The winning feeling

A good week on the river for Selwyn women

Selwyn’s second women’s crew had the College’s best results in this year’s May Bumps. These historic races, which take place in June despite their name, pit Cambridge Colleges against each other on the River Cam – with glory for the crew that manages to bump the boat in front of them. The W2 Selwyn boat managed three bumps in the four days of competition. The men had a more mixed time, but our first crew ended the week +1 and are at the top of the second division.
You can read a full round-up of the results here:

Many of our rowers had never taken part in the sport before arriving in Cambridge, but Selwyn has had a reputation for rowing since its foundation. Indeed, The Spectator magazine in 1881 said that this “frugal” sport was likely to be particularly successful here at a time when the newly-established College would have more students from poorer backgrounds:

“A College where the men are all poor is likely to be a College where the love of corporate amusement will be highly developed. For example, if they cannot afford to hunt, they will throw the more energy into the College boat or the College eleven. At a rich College the passing fashion may make against these comparatively frugal pleasures ; and if the wealthy men—the men who give its social tone to the College —do not care to row or play cricket, the poorer men will seldom keep up the College reputation in these ways by their own unassisted energy. They are more likely to loaf about, unable to join in costly amusements, and having no others in which they can join. This is a case which is precisely met by a College of the type of Selwyn or Keble. There are enough Undergraduates there to make success on the river or in the cricket-ground possible, while their means are sufficiently restricted to make their recreation naturally take these forms. Altogether, therefore, a young man who goes to one of these Colleges with very little money to spend is more likely to spend it wisely—that is, to get the most profit and the most enjoyment out of it—than he would be at the majority of the older Colleges.”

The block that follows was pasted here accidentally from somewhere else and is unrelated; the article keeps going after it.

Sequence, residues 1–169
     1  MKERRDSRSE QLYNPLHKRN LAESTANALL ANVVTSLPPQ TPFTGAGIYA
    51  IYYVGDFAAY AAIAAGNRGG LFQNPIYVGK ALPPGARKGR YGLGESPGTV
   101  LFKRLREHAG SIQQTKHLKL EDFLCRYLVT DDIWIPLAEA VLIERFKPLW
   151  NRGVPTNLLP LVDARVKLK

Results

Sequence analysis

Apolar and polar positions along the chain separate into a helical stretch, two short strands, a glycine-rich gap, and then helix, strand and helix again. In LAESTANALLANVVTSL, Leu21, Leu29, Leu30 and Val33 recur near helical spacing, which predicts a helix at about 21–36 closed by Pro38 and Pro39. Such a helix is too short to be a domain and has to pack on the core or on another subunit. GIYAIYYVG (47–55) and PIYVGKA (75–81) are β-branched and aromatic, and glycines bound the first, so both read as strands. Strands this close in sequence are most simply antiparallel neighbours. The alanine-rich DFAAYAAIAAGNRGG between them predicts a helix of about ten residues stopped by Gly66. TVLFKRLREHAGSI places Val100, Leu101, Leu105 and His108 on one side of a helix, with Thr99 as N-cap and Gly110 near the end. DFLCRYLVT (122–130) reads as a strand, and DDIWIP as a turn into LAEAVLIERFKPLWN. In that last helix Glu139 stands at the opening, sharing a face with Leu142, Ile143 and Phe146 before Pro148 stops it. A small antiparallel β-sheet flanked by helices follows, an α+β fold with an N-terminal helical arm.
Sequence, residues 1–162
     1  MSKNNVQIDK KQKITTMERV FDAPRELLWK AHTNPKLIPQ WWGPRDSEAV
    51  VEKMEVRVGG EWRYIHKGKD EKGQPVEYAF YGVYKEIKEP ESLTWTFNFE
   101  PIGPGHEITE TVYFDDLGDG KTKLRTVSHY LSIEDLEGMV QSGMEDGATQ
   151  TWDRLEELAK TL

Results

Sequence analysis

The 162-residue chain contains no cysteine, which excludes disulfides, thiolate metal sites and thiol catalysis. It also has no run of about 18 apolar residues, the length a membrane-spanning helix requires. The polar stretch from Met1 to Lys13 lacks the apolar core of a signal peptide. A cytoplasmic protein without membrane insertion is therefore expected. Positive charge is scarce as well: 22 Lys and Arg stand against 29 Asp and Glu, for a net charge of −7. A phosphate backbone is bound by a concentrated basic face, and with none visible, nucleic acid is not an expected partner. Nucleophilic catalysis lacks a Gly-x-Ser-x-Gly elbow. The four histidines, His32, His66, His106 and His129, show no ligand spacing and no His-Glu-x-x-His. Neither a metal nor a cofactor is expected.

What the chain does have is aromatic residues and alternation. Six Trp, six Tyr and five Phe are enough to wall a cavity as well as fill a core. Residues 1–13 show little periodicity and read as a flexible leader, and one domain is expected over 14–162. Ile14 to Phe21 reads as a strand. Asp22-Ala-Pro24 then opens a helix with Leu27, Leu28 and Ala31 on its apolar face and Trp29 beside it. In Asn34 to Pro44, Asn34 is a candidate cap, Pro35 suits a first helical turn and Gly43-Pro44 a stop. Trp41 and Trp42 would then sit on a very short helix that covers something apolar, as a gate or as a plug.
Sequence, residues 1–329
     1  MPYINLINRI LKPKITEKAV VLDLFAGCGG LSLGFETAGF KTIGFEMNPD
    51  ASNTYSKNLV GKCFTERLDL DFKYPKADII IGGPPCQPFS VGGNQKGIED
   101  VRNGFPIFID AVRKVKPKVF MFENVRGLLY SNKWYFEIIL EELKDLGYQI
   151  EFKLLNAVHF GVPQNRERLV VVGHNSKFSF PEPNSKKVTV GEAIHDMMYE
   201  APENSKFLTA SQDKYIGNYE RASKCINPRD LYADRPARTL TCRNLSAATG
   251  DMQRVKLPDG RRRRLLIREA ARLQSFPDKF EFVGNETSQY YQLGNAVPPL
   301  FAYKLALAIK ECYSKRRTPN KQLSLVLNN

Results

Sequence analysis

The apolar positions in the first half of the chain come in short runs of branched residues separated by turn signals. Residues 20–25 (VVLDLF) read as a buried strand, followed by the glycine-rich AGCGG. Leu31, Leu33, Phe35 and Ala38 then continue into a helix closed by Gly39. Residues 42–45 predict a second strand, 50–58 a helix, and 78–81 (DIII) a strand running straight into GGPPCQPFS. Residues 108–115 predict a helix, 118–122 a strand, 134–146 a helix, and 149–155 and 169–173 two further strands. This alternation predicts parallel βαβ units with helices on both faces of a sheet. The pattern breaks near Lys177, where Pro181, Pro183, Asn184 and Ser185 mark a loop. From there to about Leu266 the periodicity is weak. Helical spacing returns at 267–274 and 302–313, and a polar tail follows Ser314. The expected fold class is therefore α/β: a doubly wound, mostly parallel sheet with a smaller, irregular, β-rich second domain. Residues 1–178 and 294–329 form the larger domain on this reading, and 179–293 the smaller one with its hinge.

These days rowing is somewhat less frugal as a sport. The College is currently raising money for a new boathouse, to be shared (as is the case in the current building) with King’s, Churchill and the Leys School. You can read a news story about the plans here: